Netflix is a ‘unique tech growth story’ — and its stock could hit $535, says Wall Street’s biggest bull

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Wall Street analysts are showing building enthusiasm for Netflix Inc.’s ability to translate its crackdown on account sharing into meaningful revenue.

The latest bit of enthusiasm came from Pivotal Research Group analyst Jeff Wlodarczak, who upped his price target on Netflix shares to $535 from $425 Friday, cheering the password-sharing clampdown, among other drivers. His $535 target was now the highest listed on FactSet, above Wells Fargo’s $500 target, which ranked second.

Netflix “represents a unique tech growth story given it remains well positioned to generate solid subscriber and revenue/free cash flow growth even in a potential global recessionary environment via their better monetization of the approximate 100+M households that currently utilize NFLX outside of paying households via password sharing,” Wlodarczak wrote.

See also: Netflix stock rises toward 16-month high as analyst praises path to make more money on ‘borrowers’

The company’s launch of an advertising-supported tier of service last fall plays into the thesis as well.

With the password-sharing crackdown, Netflix is hoping that subscribers will either pay extra to add additional users to their accounts or kick off freeloaders, who will be moved to sign up for accounts of their own. In the second case, “having an ad-supported product should be helpful in this area,” Wlodarczak noted. That lower-priced tier could prove appealing to subscribers who must pay for Netflix on their own for the first time.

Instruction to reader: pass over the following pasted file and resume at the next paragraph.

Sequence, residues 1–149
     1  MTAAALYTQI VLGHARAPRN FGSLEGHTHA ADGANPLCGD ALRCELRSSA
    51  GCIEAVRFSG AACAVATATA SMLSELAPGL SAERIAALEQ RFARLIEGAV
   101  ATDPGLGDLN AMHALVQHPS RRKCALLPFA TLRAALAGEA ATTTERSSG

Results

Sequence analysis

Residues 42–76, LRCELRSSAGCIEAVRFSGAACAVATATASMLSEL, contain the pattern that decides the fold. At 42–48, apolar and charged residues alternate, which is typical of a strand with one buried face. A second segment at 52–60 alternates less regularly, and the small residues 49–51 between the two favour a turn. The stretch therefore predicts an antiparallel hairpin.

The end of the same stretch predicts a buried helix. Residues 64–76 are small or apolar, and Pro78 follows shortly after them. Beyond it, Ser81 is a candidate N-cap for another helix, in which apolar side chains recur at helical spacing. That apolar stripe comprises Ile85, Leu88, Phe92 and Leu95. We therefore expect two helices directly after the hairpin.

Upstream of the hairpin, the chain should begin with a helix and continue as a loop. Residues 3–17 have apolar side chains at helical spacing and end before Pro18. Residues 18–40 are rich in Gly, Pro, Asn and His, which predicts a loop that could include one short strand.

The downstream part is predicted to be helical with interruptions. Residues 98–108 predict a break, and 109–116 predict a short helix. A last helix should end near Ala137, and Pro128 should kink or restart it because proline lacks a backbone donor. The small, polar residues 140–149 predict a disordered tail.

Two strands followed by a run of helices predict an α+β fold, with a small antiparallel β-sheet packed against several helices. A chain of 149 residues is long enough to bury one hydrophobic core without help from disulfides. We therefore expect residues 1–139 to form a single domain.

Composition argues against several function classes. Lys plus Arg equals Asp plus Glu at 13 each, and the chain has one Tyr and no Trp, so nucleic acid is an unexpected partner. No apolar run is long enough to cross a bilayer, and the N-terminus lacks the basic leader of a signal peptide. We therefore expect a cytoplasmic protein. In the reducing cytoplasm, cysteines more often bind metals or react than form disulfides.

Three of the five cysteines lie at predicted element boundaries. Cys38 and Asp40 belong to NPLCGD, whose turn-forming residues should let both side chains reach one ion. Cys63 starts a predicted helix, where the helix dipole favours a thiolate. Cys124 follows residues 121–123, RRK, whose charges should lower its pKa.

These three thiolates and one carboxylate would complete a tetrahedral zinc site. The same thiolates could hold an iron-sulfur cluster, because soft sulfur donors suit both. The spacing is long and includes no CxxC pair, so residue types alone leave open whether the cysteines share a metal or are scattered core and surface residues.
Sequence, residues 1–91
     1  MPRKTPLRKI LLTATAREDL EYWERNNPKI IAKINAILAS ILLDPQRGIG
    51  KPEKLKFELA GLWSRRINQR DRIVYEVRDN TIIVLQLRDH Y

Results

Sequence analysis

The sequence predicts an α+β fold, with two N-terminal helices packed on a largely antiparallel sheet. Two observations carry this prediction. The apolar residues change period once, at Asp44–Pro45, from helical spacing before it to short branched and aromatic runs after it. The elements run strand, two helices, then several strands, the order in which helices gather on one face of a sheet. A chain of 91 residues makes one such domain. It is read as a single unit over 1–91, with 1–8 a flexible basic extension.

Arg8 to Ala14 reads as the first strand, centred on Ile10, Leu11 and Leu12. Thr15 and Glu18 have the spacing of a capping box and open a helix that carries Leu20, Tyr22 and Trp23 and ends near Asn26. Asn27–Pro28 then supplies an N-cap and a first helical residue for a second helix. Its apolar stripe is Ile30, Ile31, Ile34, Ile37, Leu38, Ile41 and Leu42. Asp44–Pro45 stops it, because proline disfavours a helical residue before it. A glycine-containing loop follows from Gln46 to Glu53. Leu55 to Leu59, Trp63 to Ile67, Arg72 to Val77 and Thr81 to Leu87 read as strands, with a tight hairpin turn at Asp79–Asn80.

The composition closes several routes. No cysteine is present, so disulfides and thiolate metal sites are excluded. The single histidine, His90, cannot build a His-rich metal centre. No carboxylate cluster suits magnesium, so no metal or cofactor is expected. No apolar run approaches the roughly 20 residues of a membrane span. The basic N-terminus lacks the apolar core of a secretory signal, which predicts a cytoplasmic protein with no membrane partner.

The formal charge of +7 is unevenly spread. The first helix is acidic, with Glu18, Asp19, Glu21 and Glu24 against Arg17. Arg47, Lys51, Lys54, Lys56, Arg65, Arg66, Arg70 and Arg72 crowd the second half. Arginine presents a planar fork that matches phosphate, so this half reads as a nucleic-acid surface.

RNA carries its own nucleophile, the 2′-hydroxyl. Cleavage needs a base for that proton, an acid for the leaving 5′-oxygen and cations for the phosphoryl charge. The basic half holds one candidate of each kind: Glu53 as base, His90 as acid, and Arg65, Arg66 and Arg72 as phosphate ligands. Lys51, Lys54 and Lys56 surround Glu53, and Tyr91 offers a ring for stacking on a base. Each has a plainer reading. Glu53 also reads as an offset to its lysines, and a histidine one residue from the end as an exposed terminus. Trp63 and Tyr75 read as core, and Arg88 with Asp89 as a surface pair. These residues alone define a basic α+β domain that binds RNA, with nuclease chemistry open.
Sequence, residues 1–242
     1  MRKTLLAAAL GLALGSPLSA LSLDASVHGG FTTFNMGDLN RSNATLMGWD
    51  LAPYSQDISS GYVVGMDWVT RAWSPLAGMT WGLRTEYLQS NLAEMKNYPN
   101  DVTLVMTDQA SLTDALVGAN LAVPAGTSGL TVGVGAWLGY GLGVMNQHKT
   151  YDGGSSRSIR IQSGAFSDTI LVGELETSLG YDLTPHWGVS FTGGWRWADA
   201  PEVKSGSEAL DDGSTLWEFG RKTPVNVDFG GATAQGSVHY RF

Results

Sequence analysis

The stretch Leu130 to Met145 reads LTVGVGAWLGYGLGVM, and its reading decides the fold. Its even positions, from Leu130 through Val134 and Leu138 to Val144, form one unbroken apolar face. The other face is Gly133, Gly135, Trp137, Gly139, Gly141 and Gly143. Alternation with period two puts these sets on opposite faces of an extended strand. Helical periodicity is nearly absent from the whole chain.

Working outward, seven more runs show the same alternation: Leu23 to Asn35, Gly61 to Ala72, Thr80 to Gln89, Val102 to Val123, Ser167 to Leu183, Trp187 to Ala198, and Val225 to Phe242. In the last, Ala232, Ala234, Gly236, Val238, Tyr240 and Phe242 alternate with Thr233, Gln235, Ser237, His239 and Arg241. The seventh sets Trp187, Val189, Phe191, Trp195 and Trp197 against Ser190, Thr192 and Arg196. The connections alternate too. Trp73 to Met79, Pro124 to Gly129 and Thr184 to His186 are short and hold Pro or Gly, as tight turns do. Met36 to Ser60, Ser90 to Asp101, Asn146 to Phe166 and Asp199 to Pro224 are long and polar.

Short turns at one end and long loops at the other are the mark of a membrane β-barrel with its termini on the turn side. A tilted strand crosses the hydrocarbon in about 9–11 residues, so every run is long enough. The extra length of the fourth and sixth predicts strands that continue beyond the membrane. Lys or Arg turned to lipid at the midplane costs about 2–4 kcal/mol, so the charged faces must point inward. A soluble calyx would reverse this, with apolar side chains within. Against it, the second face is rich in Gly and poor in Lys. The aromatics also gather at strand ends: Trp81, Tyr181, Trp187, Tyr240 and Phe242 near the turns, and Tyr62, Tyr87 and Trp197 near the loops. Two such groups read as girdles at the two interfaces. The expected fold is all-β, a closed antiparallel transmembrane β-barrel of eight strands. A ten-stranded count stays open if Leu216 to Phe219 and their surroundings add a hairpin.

Netflix seems to be having early success with its move to rein in account sharing, according to third-party data from YipitData recently shared with MarketWatch. YipitData noted that Netflix recently emailed about 30% of its U.S. and U.K. subscriber bases about its crackdown plans, versus about 40% of its Canada base in an earlier test of the program.

See also: Netflix password-sharing crackdown seems to be working

“Users appear less reactive to either cancel or add extra members following initial email notifications in the U.S. and U.K. vs. Canada,” YipitData said. It estimated that only 0.5% of notified subscribers in the U.S. that received emails so far “churned,” or left the service, while 0.9% of subscribers added new members. In Canada, which is farther along in the crackdown, YipitData calculated 7% churn and an 8% boost to new members.

Read: Here’s everything new coming to Netflix in June 2023 — and what’s leaving

Shares of Netflix have gained 39% so far in 2023.

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